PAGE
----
Technique for 3-D Printing Metals at the Nanoscale Reveals Surprise Benefit
Late last year, Caltech researchers revealed that they had developed a new fabrication technique for printing microsized metal parts containing features about as thick as three or four sheets of paper. Now, the team has reinvented the technique to allow for printing objects a thousand times smaller: 150 nanometers, which is comparable to the size of a flu virus. In doing so, the team also discovered that the atomic arrangements within these objects are disordered, which would, at large scale, make these materials unusable because they would be considered weak and "low quality." In the case of nanosized metal objects, however, this atomic-level mess has the opposite effect: these parts can be three-to-five-times stronger than similarly sized structures with more orderly atomic arrangements.
The work was conducted in the lab of Julia R. Greer, the Ruben F. and Donna Mettler Professor of Materials Science, Mechanics and Medical Engineering; and Fletcher Jones Foundation Director of the Kavli Nanoscience Institute. It is described in a paper appearing in the journal Nano Letters. [Caltech story]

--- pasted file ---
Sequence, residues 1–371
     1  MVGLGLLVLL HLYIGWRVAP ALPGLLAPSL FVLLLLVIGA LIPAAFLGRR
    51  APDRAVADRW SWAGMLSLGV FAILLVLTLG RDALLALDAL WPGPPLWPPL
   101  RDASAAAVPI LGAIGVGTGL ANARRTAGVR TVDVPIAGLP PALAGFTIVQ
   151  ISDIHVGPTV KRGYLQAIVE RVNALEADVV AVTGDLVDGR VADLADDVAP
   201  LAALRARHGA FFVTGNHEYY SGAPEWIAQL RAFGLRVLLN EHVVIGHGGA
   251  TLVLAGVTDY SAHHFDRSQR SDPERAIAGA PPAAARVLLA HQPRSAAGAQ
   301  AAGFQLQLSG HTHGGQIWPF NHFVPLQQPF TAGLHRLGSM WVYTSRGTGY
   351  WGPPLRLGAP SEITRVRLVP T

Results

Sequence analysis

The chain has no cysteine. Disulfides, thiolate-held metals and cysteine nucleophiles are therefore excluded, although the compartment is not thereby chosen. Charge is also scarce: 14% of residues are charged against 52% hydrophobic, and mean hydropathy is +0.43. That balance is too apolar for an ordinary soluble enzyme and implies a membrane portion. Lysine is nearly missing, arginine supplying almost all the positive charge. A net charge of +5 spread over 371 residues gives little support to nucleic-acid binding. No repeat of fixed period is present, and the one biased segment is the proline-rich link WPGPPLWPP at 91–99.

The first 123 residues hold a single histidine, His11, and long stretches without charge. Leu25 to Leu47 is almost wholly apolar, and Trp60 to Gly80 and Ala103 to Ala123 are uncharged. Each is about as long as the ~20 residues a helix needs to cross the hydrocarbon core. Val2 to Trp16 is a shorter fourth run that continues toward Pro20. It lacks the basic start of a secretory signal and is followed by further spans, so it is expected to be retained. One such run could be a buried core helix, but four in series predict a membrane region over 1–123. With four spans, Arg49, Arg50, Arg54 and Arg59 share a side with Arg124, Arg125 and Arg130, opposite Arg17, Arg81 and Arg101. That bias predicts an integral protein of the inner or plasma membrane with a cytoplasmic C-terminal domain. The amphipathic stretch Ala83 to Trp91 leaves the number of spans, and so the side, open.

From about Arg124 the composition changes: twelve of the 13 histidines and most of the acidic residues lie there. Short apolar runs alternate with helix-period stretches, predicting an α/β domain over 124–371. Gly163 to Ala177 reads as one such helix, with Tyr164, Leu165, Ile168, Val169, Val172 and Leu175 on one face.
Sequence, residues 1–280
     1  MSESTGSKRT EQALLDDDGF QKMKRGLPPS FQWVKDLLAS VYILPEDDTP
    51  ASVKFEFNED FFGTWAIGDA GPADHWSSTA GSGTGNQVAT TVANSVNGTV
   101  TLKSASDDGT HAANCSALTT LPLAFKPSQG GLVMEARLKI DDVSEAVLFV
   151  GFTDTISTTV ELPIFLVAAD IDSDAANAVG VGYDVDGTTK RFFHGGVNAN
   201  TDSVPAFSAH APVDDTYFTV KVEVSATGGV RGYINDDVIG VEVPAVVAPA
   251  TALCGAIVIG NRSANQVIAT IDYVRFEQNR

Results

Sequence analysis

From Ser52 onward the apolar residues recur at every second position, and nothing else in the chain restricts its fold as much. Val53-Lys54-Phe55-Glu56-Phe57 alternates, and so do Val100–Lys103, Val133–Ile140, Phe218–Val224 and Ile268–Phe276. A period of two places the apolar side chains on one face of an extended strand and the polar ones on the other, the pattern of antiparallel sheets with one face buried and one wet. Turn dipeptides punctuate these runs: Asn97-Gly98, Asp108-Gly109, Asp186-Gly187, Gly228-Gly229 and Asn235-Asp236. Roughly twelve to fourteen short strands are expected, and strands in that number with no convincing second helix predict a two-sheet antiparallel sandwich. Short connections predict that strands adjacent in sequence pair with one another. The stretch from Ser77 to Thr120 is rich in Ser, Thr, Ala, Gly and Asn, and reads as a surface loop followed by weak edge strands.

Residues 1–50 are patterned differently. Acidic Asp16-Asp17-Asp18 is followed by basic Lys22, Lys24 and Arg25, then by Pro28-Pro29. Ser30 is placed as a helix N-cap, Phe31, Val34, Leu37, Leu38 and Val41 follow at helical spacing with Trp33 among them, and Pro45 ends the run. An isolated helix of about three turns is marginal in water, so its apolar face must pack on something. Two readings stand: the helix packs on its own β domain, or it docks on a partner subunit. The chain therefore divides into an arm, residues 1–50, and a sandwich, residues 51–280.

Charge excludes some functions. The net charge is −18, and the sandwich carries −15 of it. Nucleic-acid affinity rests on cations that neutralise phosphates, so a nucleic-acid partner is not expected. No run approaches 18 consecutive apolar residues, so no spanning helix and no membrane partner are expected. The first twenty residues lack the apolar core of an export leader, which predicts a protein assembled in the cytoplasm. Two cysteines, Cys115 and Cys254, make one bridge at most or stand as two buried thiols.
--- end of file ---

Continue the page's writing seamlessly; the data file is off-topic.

Winners of the 2023 Demetriades - Tsafka - Kokkalis Prizes Announced
The Demetriades - Tsafka - Kokkalis Prizes are awarded annually to PhD candidates selected for the best thesis, publication, or discovery in select fields. Saransh Sharma, advised by Professor Azita Emami, has received the prize in Biotechnology or Related Fields for his research in developing ultra-low power and highly miniaturized medical electronics for in-vivo localization and tracking. Nathaniel Wei, advised by Professor John Dabiri, has received the prize in Environmentally Benign Renewable Energy Sources or Related Fields for his research that explores the ways in which unsteady flows in the atmosphere can be leveraged in wind-energy systems for enhanced performance, robustness, and operational longevity. Rebecca Gallivan, advised by Professor Julia Greer, has received the prize in Nanotechnology or Related Fields. Coupled with the development of novel materials processing, Gallivan's research focuses on uncovering fundamental insight into the relationship between length-scale and microstructural features on nanomechanical phenomena in order to lay the foundation for advanced engineering and complex design of materials in nanotechnologies.
Demetriades - Tsafka - Kokkalis Prizes